Tag Archives: Black

Anker 3.5mm Premium Auxiliary Audio Cable (4ft / 1.2m) AUX Cable for Headphones, iPods, iPhones, iPads, Home / Car Stereos and More (Black)

Anker® Premium Auxiliary Audio Cable
Plug in and play your sound.

Connect ANY Device
Phones, tablets, iPods, CD & cassette players (remember those). Link just about anything to your home or car stereo via its 3.5mm aux port.

Highest Quality Audio
Our cables are built to the exact same standards as leading headphone brands. 24 carat gold-plated contacts ensure the purest possible sound experience.

Incredibly Durable
We bent this cable over 10000 times and saw no damage or change in performance. Premium metal housing makes it extra durable.

Perfect Fit
Each aux jack has been slightly extended to enable use with pretty much any phone or tablet case (unlike most other aux cables).

World Famous Warranty
At Anker, we believe in our products. That’s why we back them all with an 18-month warranty and provide friendly, easy-to-reach support.

Compatible With:
• iPhone, iPod, iPad, other smartphones, tablets, laptops, MP3 players, Walkman, Discman and all other audio-playing devices with a 3.5mm aux port from brands including Sony, SanDisk, Samsung, HTC, Motorola, Nexus, Nokia, LG, Blackberry and many more.
• Beats and other brands of headphone, Hi-Fi stereo sound systems, car stereos, radios, portable bluetooth speakers and wireless audio receivers with a 3.5mm aux port.

Product Features

  • Universal Compatibility: Play audio from any phone, tablet, iPod, laptop or other media-playing device on your headphones, Hi-Fi or car stereo (fits standard 3.5mm aux ports).
  • Best Sound Quality: Built with the same grade materials as premium headphone brands. 24K gold-plated contacts ensure the cleanest sound experience possible.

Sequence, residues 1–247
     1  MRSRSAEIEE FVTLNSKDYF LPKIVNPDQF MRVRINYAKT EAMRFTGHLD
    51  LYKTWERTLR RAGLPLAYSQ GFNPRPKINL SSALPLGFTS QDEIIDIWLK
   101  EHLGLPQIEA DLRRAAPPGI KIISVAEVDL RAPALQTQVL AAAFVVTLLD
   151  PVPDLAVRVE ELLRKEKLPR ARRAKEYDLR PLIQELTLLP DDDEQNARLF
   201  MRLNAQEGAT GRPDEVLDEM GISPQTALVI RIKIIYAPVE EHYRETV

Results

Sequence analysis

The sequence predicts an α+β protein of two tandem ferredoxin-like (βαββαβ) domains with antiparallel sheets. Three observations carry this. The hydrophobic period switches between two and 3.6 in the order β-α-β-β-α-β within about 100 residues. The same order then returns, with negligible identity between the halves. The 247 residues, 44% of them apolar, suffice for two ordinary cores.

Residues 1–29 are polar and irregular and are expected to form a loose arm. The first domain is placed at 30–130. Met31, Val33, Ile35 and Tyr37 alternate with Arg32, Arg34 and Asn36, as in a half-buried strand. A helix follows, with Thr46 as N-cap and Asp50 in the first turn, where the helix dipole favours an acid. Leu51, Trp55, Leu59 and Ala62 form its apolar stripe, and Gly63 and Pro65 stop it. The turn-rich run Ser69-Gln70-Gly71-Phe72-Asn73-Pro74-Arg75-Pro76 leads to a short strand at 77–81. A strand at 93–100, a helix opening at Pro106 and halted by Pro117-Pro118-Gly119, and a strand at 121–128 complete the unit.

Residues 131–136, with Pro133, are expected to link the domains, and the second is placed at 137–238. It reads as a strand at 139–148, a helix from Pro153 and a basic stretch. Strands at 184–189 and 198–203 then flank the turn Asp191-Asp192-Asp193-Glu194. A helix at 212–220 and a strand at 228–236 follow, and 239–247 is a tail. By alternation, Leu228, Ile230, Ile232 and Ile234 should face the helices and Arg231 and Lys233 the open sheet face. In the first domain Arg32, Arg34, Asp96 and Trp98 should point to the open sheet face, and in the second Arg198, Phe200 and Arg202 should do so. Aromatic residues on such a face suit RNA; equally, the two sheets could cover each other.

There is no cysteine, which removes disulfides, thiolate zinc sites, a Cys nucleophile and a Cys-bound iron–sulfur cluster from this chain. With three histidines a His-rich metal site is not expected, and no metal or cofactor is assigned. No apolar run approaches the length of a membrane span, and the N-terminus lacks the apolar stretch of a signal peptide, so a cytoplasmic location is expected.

• Incredibly Durable: With a 10000+ bend lifespan several times longer than original audio cables, premium metal housing and four feet of durable, flexible cord, this cable really is made to last.
  • Perfect Fit: Ultra slim extensions to the aux jacks enable use with pretty much any phone or tablet case (unlike standard aux cables). No need to remove cases during use.
  • What You Get: Anker® Premium Auxiliary Audio Cable, our fan-favorite 18-month warranty and friendly customer service.

Read the Reviews and Buy On Sale HERE!

Lorex LW2734B LIVE Wireless Video Monitoring System (Four Cameras – Black)

SD7+ wireless video monitoring system with 7″ LCD monitor and two wireless cameras. The Lorex LIVE SD+ Series is a wireless home camera system with SD card recording. This is a fast and easy way to add video security to your home or small business providing video signal that is clear, secure, and interference-free. The digital wireless micro-receiver easily plugs directly into your TV, DVR or surveillance monitor. Set up the security camera near the front or back doors, garage, backyard, patio, kid’s room, or any location that you would like to keep an eye on. No need to run video cables between the cameras and the receiver. With the LIVE SD+ digital wireless technology, installation is made easy! Just connect the camera and receiver to a nearby power outlet and you’re all set. Protect your home, family or business with ease using the Lorex LIVE SD+ digital wireless video security system. Continue reading

Black American history gets 500-year rewind in PBS series

Media mogul Oprah Winfrey and professor Henry Louis Gates Jr. (R) arrive for Harvard University's 362nd Commencement Exercises in Cambridge, Massachusetts in this May 30, 2013, file photo. REUTERS/Brian Snyder/Files